My Politics of Reading course is winding down. Actually, the entire semester is almost over. We spent one of our last classes talking about assessment, testing, and the Common Core State Standards. We’ve actually been talking about these things throughout the semester.
I wanted my students to get a larger sense of the issues related to testing as they were perceived within the campus community. To do this, I asked students to do the following:
1. Split up into groups.
- I think we had five groups. All the groups but one left the classroom and went off into the world to do some research for s bit
- The four groups leaving had to come up with a question related to assessment/testing/CCSS
- Students posted their questions on the board (old school style! with chalk!)
- Questions included:
- What was your worst experience with testing?
- Should the results of high stakes tests (ACT/SAT, etc…) have an effect on the admissions process?
- What do you think about standardized testing? Did you know you could opt out?
- Do you think standardized testing is necessary?
2. Next, the four groups left the classroom for an hour. They were instructed to go wherever they wanted to and talk to whoever they wanted to.
3. As they conducted their research, they were instructed to tweet back what they were learning (#edpolicy). They did not need to directly quote people but could. They were told to explain to others what they were doing with the information. Students had asked me to create business cards for them to hand out so people could tweet their thoughts even after they were gone. I have no idea if these were used or not as #edpolicy is generally a very active feed.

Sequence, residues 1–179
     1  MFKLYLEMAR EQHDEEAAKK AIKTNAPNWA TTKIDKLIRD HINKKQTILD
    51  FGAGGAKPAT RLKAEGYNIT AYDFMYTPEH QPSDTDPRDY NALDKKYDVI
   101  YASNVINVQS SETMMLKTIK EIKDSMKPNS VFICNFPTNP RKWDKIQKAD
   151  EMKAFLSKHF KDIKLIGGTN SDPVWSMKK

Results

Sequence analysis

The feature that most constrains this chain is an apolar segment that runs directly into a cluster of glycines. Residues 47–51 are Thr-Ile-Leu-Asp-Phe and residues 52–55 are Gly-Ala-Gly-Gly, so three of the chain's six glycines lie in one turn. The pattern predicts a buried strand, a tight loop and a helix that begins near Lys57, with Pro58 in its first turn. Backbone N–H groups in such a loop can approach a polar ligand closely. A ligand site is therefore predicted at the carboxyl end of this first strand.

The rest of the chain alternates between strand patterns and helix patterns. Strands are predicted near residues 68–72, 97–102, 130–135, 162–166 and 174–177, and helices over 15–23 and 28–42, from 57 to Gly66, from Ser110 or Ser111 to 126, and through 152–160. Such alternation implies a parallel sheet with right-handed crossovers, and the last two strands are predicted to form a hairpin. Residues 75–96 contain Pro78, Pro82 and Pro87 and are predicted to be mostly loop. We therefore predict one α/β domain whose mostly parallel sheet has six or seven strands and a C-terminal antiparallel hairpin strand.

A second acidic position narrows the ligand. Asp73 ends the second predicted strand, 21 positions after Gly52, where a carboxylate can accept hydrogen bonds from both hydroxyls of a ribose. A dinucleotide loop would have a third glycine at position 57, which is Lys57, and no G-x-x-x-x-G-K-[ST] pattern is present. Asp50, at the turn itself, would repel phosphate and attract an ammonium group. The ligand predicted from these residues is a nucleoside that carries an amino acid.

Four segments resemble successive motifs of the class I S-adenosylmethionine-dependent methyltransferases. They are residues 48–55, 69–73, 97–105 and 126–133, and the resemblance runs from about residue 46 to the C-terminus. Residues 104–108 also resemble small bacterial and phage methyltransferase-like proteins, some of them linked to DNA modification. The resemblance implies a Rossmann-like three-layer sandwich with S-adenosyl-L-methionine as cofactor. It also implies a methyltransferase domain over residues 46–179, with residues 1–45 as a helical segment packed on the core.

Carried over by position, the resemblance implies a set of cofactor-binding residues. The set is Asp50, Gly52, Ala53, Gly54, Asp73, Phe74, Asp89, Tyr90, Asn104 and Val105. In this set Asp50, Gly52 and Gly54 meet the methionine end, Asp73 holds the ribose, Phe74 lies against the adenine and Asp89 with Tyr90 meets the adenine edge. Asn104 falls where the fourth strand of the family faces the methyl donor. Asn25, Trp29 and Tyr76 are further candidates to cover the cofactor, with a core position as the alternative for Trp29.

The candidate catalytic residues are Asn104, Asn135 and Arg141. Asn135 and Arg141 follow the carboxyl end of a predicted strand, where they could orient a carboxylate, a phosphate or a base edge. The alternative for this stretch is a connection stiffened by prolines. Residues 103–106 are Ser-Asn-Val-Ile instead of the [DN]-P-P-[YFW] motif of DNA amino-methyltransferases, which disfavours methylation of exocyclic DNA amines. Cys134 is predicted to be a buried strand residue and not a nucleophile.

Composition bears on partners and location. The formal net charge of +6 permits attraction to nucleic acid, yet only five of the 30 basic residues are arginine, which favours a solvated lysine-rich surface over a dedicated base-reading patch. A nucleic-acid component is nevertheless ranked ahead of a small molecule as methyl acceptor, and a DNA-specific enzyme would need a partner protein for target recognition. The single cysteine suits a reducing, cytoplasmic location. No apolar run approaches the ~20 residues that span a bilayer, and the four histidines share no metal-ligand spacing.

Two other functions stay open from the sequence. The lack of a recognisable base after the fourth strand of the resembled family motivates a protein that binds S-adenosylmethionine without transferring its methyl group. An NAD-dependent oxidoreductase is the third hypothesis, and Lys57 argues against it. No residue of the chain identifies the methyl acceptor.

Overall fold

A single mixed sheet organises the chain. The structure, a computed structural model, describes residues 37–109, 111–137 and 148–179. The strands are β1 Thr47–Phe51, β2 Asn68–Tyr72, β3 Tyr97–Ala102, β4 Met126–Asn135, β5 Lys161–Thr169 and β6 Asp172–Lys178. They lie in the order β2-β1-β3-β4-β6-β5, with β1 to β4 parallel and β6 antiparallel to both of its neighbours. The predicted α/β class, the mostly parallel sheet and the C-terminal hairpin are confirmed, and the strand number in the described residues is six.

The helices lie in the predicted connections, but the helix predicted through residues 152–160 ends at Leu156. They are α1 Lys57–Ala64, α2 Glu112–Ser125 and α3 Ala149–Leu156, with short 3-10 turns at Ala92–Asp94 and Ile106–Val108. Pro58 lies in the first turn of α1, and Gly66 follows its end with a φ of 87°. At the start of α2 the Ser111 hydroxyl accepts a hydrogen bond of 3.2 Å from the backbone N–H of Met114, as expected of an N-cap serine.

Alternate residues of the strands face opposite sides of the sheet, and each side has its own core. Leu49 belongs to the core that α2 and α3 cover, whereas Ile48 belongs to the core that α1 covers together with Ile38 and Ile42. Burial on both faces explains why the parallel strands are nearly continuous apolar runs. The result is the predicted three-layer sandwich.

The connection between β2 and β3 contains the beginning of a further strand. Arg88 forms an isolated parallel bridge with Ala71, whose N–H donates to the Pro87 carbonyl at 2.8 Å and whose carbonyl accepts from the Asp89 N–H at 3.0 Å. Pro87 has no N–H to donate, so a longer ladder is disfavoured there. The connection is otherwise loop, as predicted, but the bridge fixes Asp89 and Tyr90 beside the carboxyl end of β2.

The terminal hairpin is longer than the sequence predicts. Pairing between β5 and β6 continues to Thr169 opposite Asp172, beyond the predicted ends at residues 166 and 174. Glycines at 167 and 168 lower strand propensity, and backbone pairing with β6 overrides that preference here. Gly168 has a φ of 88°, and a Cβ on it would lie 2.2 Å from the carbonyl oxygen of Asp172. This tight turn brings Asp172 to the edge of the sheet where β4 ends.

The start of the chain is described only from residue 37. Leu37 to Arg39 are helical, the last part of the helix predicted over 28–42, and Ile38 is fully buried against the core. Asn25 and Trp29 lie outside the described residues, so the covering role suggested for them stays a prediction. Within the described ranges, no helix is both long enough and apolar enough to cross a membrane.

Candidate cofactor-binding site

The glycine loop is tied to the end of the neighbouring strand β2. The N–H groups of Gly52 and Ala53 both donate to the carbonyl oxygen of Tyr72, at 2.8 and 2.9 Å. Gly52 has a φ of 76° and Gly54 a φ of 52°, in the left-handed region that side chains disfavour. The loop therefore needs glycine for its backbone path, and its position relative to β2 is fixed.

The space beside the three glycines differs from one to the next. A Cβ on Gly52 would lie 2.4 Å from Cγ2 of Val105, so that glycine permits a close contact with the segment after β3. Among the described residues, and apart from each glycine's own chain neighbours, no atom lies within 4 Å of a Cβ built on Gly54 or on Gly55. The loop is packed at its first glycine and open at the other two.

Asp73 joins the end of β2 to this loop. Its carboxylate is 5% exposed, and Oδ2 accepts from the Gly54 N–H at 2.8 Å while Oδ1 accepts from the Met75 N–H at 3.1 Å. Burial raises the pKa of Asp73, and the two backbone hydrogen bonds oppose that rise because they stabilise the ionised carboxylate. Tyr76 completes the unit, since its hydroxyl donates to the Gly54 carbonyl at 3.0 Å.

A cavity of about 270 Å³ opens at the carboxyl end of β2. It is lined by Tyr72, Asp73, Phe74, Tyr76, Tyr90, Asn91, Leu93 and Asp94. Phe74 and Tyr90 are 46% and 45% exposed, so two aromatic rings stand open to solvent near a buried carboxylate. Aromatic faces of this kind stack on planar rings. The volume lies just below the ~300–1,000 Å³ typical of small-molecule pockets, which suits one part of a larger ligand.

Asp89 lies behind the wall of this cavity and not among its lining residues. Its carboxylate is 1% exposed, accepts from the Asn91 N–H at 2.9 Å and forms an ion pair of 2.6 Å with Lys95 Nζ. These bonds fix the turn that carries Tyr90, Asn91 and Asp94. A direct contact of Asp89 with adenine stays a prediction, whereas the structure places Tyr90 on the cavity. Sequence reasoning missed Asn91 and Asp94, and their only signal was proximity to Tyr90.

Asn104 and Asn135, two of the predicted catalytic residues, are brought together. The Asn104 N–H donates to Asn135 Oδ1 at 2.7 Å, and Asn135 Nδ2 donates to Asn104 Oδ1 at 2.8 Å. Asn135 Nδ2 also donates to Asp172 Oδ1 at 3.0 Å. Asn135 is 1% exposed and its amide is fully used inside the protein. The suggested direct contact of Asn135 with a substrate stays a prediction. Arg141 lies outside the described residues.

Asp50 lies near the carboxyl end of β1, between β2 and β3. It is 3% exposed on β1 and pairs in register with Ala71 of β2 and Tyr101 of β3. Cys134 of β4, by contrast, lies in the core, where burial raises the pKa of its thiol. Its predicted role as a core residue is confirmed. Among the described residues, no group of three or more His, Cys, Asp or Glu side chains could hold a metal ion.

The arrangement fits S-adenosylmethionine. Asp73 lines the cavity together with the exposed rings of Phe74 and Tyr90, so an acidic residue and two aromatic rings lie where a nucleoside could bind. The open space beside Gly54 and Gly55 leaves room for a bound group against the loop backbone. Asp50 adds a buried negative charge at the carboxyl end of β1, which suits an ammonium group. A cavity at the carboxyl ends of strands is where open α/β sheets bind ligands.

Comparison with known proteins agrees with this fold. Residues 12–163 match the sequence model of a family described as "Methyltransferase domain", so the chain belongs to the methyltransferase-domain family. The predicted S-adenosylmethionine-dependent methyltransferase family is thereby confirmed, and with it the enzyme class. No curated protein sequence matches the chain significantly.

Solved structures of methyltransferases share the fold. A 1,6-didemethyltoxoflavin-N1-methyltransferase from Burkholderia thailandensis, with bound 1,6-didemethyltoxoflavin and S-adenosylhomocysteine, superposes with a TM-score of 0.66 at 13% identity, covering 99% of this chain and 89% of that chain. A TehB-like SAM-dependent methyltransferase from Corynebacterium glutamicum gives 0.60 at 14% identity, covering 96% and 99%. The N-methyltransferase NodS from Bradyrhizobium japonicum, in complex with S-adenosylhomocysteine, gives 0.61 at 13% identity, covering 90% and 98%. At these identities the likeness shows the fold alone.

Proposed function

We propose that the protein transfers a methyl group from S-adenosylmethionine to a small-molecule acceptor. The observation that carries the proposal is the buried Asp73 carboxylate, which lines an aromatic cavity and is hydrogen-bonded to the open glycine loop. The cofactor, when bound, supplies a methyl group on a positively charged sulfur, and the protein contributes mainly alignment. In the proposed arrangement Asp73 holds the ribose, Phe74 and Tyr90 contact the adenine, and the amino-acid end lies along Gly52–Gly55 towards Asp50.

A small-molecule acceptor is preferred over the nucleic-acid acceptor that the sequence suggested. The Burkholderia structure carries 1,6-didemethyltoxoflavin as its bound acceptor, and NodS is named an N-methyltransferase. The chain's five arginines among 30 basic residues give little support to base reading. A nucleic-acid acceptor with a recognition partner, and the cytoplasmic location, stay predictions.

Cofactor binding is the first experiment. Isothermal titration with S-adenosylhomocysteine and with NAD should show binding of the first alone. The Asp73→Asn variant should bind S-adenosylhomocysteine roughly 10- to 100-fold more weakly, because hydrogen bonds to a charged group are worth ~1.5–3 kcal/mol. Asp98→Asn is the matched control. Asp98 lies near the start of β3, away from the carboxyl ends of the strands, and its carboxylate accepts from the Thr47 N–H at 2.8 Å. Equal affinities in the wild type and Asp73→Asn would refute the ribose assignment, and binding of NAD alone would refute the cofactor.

4. Back in the room, the remaining group and myself monitored the twitter feed and then began working on creating a Storify with the content.
5. At the end of the hour, everyone returned. The Storify was presented and discussed and we debriefed the experience. Then we published in.
Ok – What Worked and What Didn’t Work?
I was super organized in getting this together. Students knew a week in advance and had the chance to sign up for their own groups. They even knew we were doing this if it was raining (it was supposed to but didn’t). Students also knew that they would need at least one person with a twitter account in their group. This wasn’t an issue as at least half the class had a twitter account. No one had used storify before, but that didn’t concern me as it is easy to use. Tweets started coming in after five minutes or so and continued on for the duration.
All seems good, right?
It was good. I am not denying that. Students got to get out and talk to people. They got to have conversations and collect a different kind of data on what people think about the issues we were focusing on. It did enrich the overall discussion we had. But there are always weaknesses, and I want to highlight the ones that stand out to me:
1. Every time I use twitter with a class I learn something new. This time I learned to make sure that everyone knows private accounts won’t work. We can’t see your tweets unless I follow you (and I wasn’t following any of my students). So we didn’t see the tweets for an entire group because the person tweeting had a private account. They were able to share and discuss their tweets back in class, but FYI – on this one!
2. I like the use of Storify in class. I think it has potential. However, I do not think it’s full potential was realized here. I don’t think students had enough time to pull together and analyze the data to make a strong story.
SO, given #2, I would revise this so that ALL groups went out and collected data and then ALL groups created their own Storify. I would allow 60-90 minutes for the creation of the Storify, and I would do a better job of teaching it. It doesn’t require much teaching to figure out how to use Storify, but I would like for students to review some good examples and then create their own. The trick is that the tweets have to be used within 10 days to appear on Storify when you search for them. So it’s about timing and balance and organization. But I think it could work.
It would also give students more time to think through the data and see what different stories crafted by different groups look like. Since the students are not limited to just what they produced on twitter, they have a lot of opportunity to create something unique.
Want to see the finished product?